To Grow, A Hard Task

Ed. Harry Coin, an occasional commentator on AOI published this editorial on Orthodox News recently.

By Harry Coin | July 6, 2009

The people who consider the church a ‘home near home’ come with the expectation that it is a place where the right thing happens most of the time, and the higher the authority the more often the right thing happens. If that isn’t the case, then even if people come at first, they won’t stay or come consistently since we all know the sort of experience where the wrong thing happens takes much less work to find, or finds us whether we want it or not.

Nobody older than 14 expects any gathering of people to get it all right all the time. The whole matter of survival much less growth for our Orthodox church turns on whether there is or isn’t a tolerated culture of leadership misdoing, while accepting the expected individual stumbles.

The historical time is over when the leadership can put on grand clothing and be accepted as if they lived as they would have people think during visits and occasional services. Much as in the days of the village where everyone lived so closely with one another they knew the main points of the truth of matters, the modern cell phone cameras and internet and so on has closed the ‘anonymity and impersonalisation gap’ opened during the 1900’s. No more will the future support ‘rock star’ bishops who gain moral authority only by their seeming during infrequent visits.

The leadership to date appears to be very reluctant to right its own course, favoring increasing control over populations free to leave. As survival strategies go, that one is a loser. As growth strategies go, that one doesn’t even cross the starting line. The days of governments paying dubious church leadership in exchange for political support are drawing to a close. Support must come from within, or not at all.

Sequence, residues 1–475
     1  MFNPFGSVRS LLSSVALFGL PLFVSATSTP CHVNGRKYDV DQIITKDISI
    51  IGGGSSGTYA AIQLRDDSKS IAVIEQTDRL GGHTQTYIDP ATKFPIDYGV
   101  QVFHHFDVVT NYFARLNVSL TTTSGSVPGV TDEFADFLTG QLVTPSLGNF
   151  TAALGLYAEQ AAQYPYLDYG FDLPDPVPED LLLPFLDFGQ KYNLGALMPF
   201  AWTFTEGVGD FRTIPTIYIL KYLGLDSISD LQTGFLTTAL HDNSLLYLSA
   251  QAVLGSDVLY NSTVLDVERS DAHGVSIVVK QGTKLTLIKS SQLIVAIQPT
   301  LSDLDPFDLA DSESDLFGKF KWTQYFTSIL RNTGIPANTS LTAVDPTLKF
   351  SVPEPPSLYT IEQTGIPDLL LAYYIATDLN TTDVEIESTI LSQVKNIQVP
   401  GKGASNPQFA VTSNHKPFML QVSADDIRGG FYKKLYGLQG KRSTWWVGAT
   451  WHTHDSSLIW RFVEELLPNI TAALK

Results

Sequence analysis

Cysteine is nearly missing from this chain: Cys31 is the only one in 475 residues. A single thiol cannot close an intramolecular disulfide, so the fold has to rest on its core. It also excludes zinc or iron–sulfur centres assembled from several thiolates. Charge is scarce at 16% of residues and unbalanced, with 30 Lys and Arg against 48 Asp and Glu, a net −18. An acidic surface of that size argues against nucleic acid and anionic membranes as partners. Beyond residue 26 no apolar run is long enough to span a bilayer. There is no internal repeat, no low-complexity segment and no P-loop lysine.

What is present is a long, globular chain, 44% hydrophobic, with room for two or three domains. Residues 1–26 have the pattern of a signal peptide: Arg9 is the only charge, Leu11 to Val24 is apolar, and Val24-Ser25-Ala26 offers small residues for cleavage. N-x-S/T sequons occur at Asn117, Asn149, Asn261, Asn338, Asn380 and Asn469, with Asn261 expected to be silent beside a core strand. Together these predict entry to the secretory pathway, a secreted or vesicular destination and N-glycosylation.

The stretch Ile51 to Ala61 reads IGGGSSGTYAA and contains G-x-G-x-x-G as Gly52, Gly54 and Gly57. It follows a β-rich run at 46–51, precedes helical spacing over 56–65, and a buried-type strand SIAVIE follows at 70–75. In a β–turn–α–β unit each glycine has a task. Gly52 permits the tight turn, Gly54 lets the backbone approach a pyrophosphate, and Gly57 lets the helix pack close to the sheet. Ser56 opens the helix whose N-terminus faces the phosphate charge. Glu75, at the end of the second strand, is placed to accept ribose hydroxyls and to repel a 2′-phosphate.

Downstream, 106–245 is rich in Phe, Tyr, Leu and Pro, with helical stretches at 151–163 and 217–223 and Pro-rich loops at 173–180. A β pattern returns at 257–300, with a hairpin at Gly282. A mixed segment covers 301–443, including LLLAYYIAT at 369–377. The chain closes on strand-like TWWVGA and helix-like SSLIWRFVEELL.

There are some efforts at ‘cultifying’ Orthodoxy pretending to be growth avenues. We see the present adventure of guru-pseudo monasticism. History’s example here shows these to be as balloons, there always appears to a ‘pop’ at the end then little remains, while draining resources elsewhere. (For those with eyes to see…)

What is the answer? We must accept the distasteful job of quietly and effectively policing our leadership ranks, so that those who know beforehand they will continue to live other than as the job requirements set forth will do everyone a favor and choose to contribute as they can in other ways than connivance to leadership postings. And that those who nevertheless obtain leadership postings living other than as the job requires will be made to depart church leadership. The present leadership must recognize that unless they help in this change history will record them as presiding over the last of the faith as a viable organism. We must fail if in this social context of ‘ gay marriage’ debates we defacto only allow the shrinking pool of ‘ordained young never married’ people to be decision making bishops. Senior ’empty nester’ priests must be allowed to be considered as bishops, and the size of diocese must be reduced so the parishes feel actual local cooperative efforts will work out well.

Harry Coin


  1. Michael Bauman :

    Mr. Coin is right. The old saw that the American Orthodox are not mature enough to govern ourselves is simply that–an old saw used by tyrannts and cowards who refuse to take the Gospel mission of the Church in the United States seriously. Fortunately, we have quite a number of faithful who reject such betrayal of our Savior.

    The OCA was blessed with being the first Orthodox body to begin to address the issue (perhaps that says more than anything else where the Holy Spirit is leading us). The AO
    CA obviously is now facing similar issues. If our ‘General Assembly’ goes off as normal,i.e, a Met Philip extravaganza, the AOCA is dead. If +Basil comes out publically for change in leadership, we have a chance.